Some humans would refer to such other humans as a 'Water Garden Specialist', others would know them as a Fish Shop (the sort that sells them live, unbattered, without chips) or a Pet Shop. Rigby Town has neither of the latter two, so we Rigbys depend on the former - which is a grand name for a business that sells a few goldfish, some expensive carp, a few plants to put in ponds or 'water features' as well as bags of pretty gravel and a few pressed concrete ornaments that have travelled all the way from China.

The owners of the 'Water Gardens' nearest to Rigby Towers appear to be rich because they have a rather nice car, and because their whole place takes up a lot of space. It takes up much more space than the local Tesco Metro, but their tiny shop is little more than a large storage shed and carport. It has a leaky roof, which doesn't bother the fish. It doesn't bother the customers either, because nobody tends to go there when it's cold or raining – unlike those who shop at Tesco.

Herons eat a lot in the summer, and get fatter, so that during the leaner times of winter they do not die of starvation – their bodies use the fat instead of eating fresh meat. You do that, Mr Heron, without thinking. Humans, unfortunately, have to plan ahead and need money to go and buy what they need from places like Tesco, or Asda, or Marks and Spencer, Sainsbury, Waitrose, Lidl or Aldi for their food.

Mr Heron, you will never have heard of an “economic downturn”, a “recession” or even a financial “depression”. You will never have heard of “wages”, “national insurance”, “business rates”, taxation”, “cost of living” or “inflation” either - there is no reason why you should,. You have no need for money. You spot something you what you want to eat and you take it, although occasionally you might have to fight other herons to get your own way. This means you have no need of Tesco, Lidl or the Corner Shop, and will not have heard what happened to Woolworth, to MFI, to Zavvi, to Borders Books and other businesses that are no longer 'in business' because they ran out of money.

They ran out of money, Mr Heron, because although they thought they had planned ahead for lean times, they hadn't done it well enough and the lean times lasted longer than they had anticipated – perhaps because they weren't given the right information.

Because herons don't live as long as humans you, Mr Heron, will not know that it's been many years since there has been as cold a winter as the one that's coming to an end. The Met Office predicted the 2009 to 2010 winter would be mild – their prediction was wrong. It was so wrong that they have decided to give up long-term forecasts because, they say, even though they've been making weather forecasts since 1854, it's suddenly become too difficult.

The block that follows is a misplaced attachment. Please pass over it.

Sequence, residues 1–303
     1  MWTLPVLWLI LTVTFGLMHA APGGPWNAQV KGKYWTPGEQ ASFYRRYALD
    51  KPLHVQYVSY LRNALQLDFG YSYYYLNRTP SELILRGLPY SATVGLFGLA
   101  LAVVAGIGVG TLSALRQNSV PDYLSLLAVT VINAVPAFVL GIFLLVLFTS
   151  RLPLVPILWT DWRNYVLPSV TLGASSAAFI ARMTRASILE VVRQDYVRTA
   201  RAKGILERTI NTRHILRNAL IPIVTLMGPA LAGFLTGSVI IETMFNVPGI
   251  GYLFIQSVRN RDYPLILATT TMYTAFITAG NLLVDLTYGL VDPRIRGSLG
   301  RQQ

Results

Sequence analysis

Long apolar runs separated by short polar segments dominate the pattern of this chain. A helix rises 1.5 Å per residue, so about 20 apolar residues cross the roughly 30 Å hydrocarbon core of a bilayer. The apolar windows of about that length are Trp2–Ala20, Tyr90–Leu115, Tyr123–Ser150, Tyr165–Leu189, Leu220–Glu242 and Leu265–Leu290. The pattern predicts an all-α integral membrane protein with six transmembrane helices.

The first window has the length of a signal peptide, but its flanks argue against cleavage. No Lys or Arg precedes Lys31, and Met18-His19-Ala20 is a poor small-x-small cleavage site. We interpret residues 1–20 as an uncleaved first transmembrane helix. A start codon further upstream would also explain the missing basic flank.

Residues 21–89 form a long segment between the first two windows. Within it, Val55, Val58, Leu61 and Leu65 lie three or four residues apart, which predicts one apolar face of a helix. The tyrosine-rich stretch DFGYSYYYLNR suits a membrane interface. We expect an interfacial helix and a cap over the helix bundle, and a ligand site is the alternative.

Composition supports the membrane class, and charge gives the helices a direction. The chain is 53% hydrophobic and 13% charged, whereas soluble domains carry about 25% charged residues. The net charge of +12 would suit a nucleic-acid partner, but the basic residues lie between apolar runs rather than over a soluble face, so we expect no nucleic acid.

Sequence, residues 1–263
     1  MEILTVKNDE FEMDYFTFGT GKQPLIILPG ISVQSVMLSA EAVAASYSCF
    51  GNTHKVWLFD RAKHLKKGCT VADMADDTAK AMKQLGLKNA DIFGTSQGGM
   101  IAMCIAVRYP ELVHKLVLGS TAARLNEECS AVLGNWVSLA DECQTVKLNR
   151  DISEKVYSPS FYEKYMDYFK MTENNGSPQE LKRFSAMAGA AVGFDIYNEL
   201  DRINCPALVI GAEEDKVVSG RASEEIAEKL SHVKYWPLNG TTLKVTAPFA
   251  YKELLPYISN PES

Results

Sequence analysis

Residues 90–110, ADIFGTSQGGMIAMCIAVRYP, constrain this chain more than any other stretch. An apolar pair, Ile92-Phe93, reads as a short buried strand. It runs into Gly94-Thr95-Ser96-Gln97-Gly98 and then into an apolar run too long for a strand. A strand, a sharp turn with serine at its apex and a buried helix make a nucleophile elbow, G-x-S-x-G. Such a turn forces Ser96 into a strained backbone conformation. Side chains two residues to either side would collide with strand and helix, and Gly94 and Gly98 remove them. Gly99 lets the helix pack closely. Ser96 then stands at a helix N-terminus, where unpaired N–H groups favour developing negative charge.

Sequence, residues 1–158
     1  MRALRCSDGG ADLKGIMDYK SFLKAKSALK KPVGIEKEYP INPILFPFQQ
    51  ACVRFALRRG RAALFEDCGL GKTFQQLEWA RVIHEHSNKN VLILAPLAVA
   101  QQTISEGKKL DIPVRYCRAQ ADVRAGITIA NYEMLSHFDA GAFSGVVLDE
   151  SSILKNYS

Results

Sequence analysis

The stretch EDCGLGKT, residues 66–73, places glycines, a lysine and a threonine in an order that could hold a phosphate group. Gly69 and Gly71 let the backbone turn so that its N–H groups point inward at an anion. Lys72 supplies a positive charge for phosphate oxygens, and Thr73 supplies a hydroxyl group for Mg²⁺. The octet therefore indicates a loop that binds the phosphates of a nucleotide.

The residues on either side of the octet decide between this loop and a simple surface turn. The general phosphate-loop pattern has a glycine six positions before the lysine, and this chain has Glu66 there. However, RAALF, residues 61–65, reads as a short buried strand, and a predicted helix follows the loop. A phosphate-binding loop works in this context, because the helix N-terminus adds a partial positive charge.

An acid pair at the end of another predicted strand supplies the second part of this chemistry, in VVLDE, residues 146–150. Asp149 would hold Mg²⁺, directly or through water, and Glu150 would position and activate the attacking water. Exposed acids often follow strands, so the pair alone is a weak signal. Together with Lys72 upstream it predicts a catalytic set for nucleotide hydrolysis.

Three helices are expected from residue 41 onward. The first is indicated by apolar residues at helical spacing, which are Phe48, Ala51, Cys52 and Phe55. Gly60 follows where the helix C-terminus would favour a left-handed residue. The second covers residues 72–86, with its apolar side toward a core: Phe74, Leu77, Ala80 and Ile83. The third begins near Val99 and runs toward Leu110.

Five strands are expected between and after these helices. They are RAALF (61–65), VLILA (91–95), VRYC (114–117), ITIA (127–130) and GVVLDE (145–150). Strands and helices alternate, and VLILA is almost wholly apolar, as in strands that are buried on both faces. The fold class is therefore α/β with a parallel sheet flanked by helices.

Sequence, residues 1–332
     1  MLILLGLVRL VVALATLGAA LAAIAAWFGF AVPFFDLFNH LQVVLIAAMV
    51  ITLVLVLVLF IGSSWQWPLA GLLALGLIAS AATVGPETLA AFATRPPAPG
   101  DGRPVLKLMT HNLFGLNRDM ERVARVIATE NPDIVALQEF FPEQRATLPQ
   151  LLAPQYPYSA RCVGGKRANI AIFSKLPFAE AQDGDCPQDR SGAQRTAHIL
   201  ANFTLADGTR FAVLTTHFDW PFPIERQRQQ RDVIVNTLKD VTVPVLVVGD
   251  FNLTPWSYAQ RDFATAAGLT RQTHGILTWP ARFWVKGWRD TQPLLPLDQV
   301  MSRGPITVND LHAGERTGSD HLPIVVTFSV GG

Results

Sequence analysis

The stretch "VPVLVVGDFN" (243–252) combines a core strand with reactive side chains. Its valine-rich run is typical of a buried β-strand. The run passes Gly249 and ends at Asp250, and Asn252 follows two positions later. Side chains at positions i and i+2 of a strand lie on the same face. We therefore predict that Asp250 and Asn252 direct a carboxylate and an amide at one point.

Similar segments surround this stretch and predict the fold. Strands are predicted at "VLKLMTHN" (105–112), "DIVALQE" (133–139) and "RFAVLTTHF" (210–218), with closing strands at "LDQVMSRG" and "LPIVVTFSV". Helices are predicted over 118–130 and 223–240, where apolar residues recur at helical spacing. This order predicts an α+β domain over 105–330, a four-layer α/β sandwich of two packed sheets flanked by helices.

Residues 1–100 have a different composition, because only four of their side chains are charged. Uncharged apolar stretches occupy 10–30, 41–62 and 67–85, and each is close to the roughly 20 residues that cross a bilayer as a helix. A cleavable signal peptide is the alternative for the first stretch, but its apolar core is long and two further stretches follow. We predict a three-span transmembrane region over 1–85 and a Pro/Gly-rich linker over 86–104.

Their wrong prediction, Mr Heron, hurt a lot more people than the salt-free road-gritters, and snow clearers, it also hurt people who thought they would be back up in business before the beginning of a warm and sunny March.

That wrong prediction has hurt people who thought they had put enough money aside not only look after themselves and their families during the lean, cold, winter months, but also had to pay the government for the privilege of being a trader, for the privilege of having a fancy-looking car, and who have had to pay for the diesel and electricity needed to keep the creatures in their care alive and healthy. And all these things have got much more expensive recently and that, Mr Heron, is why we Rigbys might not be able to replenish your larder - because Rigby Town's Water Gardens has not re-opened after the winter, and the run-down premises are up for sale.

Your plight, Mr Heron, can only be resolved by Rigby Town's Water Gardens getting a new, careful, owner who is willing to make sacrifices, perhaps do without a posh car, whilst spending their small income on making the shop look a bit nicer, so it will attract more customers than before, but those customers also need to have money to spare for the business to survive.

Your plight, Mr Heron, can only be resolved by Rigby Town's Water Gardens getting a new, careful, owner who is willing to make sacrifices, perhaps do without a posh car, whilst spending their small income on making the shop look a bit nicer, to attract potential customers. Until then, Mr Heron you will have to go without and unfortunately we Rigbys cannot be held responsible for your lack of planning, your lack of foresight, when it comes to feeding the baby herons that will, assuredly, arrive in the not too distant future.

You wouldn't understand, Mr Heron, how your current situation and the wider picture relating to your food supply mirrors that of a much large place where the fortunes of the all but the very few depend entirely on the appointment of a new, careful, owner whose advisors need the gift of accurate prediction, foresight and long-term planning.